Access to sustainable energy to reduce inequalities

access to sustainable energy
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A panel of experts at this year’s European Development Days explored whether access to sustainable energy can help redress inequalities in Africa.

As the modern world enters the new stages of technology, the divide between Africa and Europe seems to be growing ever greater. A large part of the world is being left behind with more than 600 million Africans lacking access to electricity, the highest proportion of households without power in the world, it is very apparent that access to sustainable energy needs to become a priority for development. The conference explored the potential of public and private partnerships and how and why they are needed in order to reduce the energy gap.

Identifying potential in Africa

With a total population of 1.2 billion people, 600 million of whom lack access to electricity, it is apparent that the expansive implementation of renewable energy would reduce this significant deficit. With the benefits of clean, reliable electricity, new-style private-public partnerships must deliver small-scale, off-grid energy to rural communities; as well as large-scale generation and transmission infrastructure.

Megan Richards, Director of Energy Policy at the European Commission’s DG Energy, said: “From our perspective the potential in Africa for providing access to the 600 million people who are there, through new clean renewable, distributed, off grid solutions, has huge potentials.”

One of the most important things that we can do is to encourage private sector investment in renewable energy in order to reduce inequalities and ensure that Africa is able to reach its potential. So why does the private sector still appear somewhat reluctant to invest in a system that has already stood the test of time, through trial and error?

The issue of private sector funding

The objective is to unlock billions of euros of private investment in large-scale electricity generation and transmission of infrastructure. These partnerships are seen by the developing community as key aspects in achieving the 2030 Agenda’s Sustainable Development Goal of universal access to sustainable energy.

Currently only 44% of Africa’s population benefits from access to electricity in Africa; and it is estimated that by 2030, 90% of the world’s people without access to electricity will be based in Africa. Stefano Signore, Head of the Directorate-General for International Cooperation and Development’s Sustainable Energy and Climate Change Unit at the European Commission, said: “We want to work with partnerships, such as the alliance. We do not intend to remove or reduce the risk that the private investor will make, but it is the risk which hampers the mobilisation of the funding from private areas.”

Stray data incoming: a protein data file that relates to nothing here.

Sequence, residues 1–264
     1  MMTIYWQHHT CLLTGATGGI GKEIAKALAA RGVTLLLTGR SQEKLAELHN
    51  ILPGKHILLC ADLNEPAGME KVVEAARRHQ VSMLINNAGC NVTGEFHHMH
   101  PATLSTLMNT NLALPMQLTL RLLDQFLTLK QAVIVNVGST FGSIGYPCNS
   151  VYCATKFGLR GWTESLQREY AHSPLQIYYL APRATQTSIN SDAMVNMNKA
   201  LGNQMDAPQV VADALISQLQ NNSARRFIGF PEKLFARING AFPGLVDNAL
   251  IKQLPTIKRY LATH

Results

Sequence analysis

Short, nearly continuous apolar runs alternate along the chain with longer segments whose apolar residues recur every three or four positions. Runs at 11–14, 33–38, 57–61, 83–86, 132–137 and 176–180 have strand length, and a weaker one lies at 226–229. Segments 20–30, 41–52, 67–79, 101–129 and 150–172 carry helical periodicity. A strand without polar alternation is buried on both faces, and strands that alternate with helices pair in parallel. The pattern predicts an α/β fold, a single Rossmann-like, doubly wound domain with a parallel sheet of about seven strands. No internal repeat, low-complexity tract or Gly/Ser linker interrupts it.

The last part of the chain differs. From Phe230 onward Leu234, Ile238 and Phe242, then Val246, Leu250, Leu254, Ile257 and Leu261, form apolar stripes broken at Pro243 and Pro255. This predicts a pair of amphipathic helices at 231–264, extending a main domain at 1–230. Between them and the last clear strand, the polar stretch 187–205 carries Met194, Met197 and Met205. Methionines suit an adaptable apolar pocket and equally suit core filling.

Sanoussi Bilal, Head of Trade, Investment and Finance at the European Centre for Development Policy Management, said: “All the private sector [entities] we talk to have said that they have no bankable projects.” Private sectors invest in profitable and bankable solutions, while donors can provide a grant or subsidy, setting up a mechanism that allows the private sector to find a viable model for investment. By removing the risk associated with investment in this area, private sector investments are projected to increase.

What is being done to tackle these issues?

The challenge posed by infrastructure is very complex and requires a strong partnership of collaborations in order to address the pipeline and risk issues. The Global Infrastructure Facility (GIF) seeks to mobilise private sector investment for access to sustainable energy, as the limited public sources available fall short of providing enough in order to reduce the inequality gap. Private sector sources tell us that money is not really the issue and that the real issues occupy three levels: governance issues, inability to see the pipelines of investing and the risk of investing itself.

There is no doubt that progress has been made in investing, with GIF alone approving about 70 activities globally; 28% of which are in Africa. Jason Lu, Head of the Global Infrastructure Facility, said: “In terms of our experiences within Africa, we are supporting a number of hydro projects.” This is an indication of progress in terms of access to sustainable energy in Africa; and one step closer towards the reduction in inequalities in African society.

Is there hope for the future?

In the meantime, public organisations and private businesses still have to find common ground to avoid white elephant projects of the past. By the end of the conference we were left to conclude that public-private partnerships will have to move away from an aid-based approach to the energy sector and instead ensure that African resources and infrastructure are being managed by Africans for Africans.

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